Alors, Qui Ici N’est Pas Encore Mon FRIEND Sur FACEBOOK?”

wired.co.uk

wired.co.uk

As with Star Wars, email and then blogs, I initially winced at the drug called Facebook.  But now I’m a dealer.  At church.  It was last night, in fact, in our church parking lot after a big activity with my sweet Swiss and French charges, that I called out: “So, who here’s not yet my Friend on Facebook?”

Nearly every last person was. Facebook’s become not only the mechanism that keeps my personal self interconnected globally, but it’s also the portal through which my professional self shares her voice and gathers a readership. (You).  And it’s where you can offer me feedback and invaluable reader’s insights. You cannot fully appreciate how much I love your feedback!

(Haven’t visited the Global Mom: A Memoir FB page?  Bah, voilà: Click right here and be sure to “like” it.)

my little Twitter avatar. Thanks again, Luc.

My little Twitter avatar. Thanks again for the photo, Luc.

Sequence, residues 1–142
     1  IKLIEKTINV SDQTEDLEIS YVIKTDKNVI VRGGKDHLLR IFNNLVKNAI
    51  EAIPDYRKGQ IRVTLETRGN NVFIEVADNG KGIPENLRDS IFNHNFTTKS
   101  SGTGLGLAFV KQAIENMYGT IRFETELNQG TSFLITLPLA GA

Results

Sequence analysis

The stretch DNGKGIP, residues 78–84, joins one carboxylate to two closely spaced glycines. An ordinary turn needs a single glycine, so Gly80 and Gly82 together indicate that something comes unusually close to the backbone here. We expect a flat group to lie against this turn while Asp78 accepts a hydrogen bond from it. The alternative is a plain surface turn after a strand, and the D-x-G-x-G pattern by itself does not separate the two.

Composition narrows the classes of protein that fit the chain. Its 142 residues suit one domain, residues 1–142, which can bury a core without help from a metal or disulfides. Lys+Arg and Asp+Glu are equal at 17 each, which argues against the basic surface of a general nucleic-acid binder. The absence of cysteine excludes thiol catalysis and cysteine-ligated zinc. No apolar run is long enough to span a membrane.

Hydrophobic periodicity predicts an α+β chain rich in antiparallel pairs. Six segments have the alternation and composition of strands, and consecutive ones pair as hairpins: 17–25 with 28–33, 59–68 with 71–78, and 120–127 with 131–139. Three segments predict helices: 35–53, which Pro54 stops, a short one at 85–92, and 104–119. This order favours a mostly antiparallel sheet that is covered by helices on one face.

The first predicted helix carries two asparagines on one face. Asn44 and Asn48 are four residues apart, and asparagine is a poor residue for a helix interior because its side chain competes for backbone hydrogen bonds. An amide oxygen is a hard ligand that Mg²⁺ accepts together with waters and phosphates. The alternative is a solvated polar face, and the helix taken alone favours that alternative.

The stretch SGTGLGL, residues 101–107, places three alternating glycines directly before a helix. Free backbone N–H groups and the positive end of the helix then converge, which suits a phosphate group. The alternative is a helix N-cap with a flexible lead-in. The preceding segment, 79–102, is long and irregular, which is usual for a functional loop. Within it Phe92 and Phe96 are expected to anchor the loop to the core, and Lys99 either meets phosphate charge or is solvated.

Crystal, Kim, and Chirpster 

Email? Blogs? Facebook? How far can a former technophobe possibly slide down the slippery social network slope?

My two PR mavens have taught me.  Crystal and Kim at BookSparks are the minds  behind my book’s summer release campaign. (Still pinching myself, honestly, that there’s a team so invested in making my words fly.  And yes, I fawn all over their expertise). They have events in the works for NYC, Utah and LA, and have hoisted me onto various social media platforms.  This is why I’m now linked to Chirpster (Oh. You call it Twitter? Hm. That’s cute.) And am cuckooing every day.  Join in, if you want, at MDBGlobalMom.

Between this blog, the Global Mom: A Memoir FB page, and Twitter, you’re bound to bump into me on a daily basis. I’m signing off here so I can go work on some promotional pieces I’m writing for Crystal and Kim, and so I can also go edit the first installment of my Global Moms vlog series, which you can access on my YouTube Channel or the Global Mom: A Memoir FB page.

As long as you’re here, how about a vlog clip?  Watch. Leave a comment. Tell me what you think, what you would change to improve this piece, and what questions you would ask mothers like myself who live this kind of internationally nomadic life.

Krakow, Poland: Pre-Easter, Post-War

This post continues a week of daily posts on Global Mom’s recent family trip to Poland.

Decorated carraige horses on Rynek Główny, Krakow's marketplace dating from the 13th century

Decorated carraige horses on Rynek Główny, Krakow’s marketplace dating from the 13th century